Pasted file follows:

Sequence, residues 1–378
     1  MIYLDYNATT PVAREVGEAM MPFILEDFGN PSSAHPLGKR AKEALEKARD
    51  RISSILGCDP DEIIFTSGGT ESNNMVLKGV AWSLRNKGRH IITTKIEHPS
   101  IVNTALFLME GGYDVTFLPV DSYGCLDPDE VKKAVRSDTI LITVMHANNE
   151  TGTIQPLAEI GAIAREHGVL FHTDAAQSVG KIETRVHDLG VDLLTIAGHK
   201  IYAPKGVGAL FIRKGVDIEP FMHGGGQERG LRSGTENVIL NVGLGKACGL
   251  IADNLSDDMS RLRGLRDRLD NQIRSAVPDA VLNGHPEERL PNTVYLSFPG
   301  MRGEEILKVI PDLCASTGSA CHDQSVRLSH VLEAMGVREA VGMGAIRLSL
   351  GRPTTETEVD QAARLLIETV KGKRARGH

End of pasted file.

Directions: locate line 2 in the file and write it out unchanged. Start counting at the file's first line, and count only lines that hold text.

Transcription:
     1  MIYLDYNATT PVAREVGEAM MPFILEDFGN PSSAHPLGKR AKEALEKARD